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RE: [Kresy-Siberia] gulag/forced labour camp

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  • Elizabeth Olsson
    I’ve never heard of any “thugs and hardened criminals” in the posiolki. They were family camps. I think that conditions in the posiolki varied a lot,
    Message 1 of 6 , Apr 1 3:19 PM
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      I’ve never heard of any “thugs and hardened criminals” in the posiolki. They were family camps.

      I think that conditions in the posiolki varied a lot, depending on the camp commandant’s attititude. It sounds like the commandant at my mum’s camp, Monastyriok, just south of Kotlas, treated them as well as was possible, was sympathetic to their needs and gave them good advice when the “Amnesty” was announced.

       

      pozdrowienia
      Elzunia Gradosielska Olsson
      Alingsås, Sweden
      Names: Maczka. Gradosielski.
      Kresy: Osada Krechowiecka. Wilno.
      Siberia: Monastyriok. Siewzeldorlag, Komi.
      Army: Pestki 316 Transport.
      Sappers 5KDP.

       


      From: Kresy-Siberia@yahoogroups.com [mailto:Kresy-Siberia@yahoogroups.com] On Behalf Of Barbara Scrivens
      Sent: Thursday, March 31, 2011 11:05 PM
      To: Kresy-Siberia@yahoogroups.com
      Subject: RE: [Kresy-Siberia] gulag/forced labour camp

       

       

      Hi Elzunia,

      I cannot see the difference between loss of liberty and its restriction in this case. It seems sheer semantics. Loss may be interpreted as being unable to move outside the immediate grounds of the camp and restriction as being able to walk 14km to bring back a potato for the family. In both worlds, liberty was lost. Both precluded leaving.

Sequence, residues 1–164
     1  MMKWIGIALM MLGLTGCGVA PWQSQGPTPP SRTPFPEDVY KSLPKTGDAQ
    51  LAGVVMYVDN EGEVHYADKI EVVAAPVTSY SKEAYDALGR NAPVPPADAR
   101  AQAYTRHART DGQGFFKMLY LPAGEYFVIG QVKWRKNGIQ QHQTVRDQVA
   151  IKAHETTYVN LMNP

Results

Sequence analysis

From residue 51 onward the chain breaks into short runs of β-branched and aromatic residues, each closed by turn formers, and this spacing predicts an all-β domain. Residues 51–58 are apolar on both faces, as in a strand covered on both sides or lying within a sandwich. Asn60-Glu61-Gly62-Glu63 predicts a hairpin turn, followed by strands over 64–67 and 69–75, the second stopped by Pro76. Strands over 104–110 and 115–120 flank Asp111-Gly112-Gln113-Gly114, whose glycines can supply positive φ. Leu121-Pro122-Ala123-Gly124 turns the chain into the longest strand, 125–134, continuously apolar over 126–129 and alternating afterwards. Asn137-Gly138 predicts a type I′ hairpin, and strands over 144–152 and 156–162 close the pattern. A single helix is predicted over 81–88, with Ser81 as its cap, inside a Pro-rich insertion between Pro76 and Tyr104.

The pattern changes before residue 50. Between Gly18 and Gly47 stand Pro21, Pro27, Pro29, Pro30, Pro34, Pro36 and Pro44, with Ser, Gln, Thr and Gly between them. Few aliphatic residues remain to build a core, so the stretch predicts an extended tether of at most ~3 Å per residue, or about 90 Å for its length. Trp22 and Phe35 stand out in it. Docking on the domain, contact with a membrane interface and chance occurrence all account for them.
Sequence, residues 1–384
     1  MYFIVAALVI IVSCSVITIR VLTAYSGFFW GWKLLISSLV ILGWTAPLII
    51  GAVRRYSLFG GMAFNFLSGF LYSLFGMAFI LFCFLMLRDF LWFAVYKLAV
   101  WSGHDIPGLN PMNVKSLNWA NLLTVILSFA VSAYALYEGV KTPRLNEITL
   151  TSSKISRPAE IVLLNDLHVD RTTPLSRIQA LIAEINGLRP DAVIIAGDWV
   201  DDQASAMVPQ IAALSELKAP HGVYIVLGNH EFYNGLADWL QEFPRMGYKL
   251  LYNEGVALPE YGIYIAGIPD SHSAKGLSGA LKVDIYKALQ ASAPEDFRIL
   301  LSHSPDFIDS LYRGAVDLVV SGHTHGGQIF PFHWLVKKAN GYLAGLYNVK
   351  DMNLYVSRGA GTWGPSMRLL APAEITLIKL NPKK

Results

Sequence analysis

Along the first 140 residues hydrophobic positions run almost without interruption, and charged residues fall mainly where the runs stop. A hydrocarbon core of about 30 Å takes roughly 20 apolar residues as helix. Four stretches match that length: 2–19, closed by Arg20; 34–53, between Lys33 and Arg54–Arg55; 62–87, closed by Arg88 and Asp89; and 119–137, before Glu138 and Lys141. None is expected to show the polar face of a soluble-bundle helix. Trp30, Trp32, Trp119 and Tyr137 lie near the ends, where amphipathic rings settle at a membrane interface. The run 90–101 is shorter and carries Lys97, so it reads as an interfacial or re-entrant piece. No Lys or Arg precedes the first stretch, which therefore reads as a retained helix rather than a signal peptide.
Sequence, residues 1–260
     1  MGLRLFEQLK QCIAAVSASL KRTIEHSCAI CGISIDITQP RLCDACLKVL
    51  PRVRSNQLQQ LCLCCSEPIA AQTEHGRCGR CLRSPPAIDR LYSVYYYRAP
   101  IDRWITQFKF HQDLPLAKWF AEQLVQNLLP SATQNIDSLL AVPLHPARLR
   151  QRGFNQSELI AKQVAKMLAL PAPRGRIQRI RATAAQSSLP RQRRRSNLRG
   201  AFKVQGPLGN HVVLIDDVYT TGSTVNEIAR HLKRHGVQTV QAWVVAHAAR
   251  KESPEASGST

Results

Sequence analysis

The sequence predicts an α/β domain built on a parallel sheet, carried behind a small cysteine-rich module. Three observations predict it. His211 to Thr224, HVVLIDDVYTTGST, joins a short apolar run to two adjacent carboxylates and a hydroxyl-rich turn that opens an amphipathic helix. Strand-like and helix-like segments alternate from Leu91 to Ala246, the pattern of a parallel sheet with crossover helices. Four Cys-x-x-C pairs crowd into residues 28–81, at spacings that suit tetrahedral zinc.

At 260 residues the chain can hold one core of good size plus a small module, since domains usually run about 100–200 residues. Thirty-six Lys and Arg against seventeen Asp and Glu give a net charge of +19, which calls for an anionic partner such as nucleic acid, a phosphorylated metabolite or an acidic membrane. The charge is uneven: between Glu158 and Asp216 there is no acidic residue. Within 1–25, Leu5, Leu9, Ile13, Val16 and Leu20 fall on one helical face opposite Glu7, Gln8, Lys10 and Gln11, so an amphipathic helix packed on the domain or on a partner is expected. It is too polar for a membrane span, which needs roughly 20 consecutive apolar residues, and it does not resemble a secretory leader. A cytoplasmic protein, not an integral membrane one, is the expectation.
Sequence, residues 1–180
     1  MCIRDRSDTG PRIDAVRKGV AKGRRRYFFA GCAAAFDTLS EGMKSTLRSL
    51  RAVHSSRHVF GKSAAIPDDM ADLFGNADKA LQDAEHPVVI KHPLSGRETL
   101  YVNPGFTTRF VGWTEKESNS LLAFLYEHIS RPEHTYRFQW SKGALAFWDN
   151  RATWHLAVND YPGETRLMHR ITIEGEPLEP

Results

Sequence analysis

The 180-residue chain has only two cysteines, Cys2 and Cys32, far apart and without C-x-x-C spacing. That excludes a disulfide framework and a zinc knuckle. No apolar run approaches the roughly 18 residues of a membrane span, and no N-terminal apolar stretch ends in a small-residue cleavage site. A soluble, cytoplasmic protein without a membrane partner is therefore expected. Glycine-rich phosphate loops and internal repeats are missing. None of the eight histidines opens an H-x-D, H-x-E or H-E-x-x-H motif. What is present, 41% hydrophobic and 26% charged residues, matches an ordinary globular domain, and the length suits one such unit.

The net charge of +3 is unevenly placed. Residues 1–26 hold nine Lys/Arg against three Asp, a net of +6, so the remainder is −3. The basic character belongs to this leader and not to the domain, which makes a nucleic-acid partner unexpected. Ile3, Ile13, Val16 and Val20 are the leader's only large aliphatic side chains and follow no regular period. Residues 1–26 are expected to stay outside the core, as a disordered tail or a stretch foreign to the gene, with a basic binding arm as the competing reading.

I find the use of the words ‘sentenced’ and ‘arranged’ also interesting. As if there was a proper court system:

      According to the official terminology, these were not labour camps, but special settlements. The difference is based on the fact that "corrective labour camps" [also called GULAGs] were reserved for people sentenced to loss of liberty, while "specialposiolki" [special settlements] were for deportees, people without a court hearing, for whom was arranged a different kind of repression - namely restriction of liberty.

      The only difference I can find so far is that the forced labour camps (special settlements for the special people Stalin referred to as ‘filth’) had fewer thugs and hardened criminals, their womenfolk were protected by their families, and completely innocent children were interned.

      Otherwise, both inmates had people in there on the most spurious of charges.

      Thanks for trying to help. Apologies for my frustration.

      Barbara

       

       

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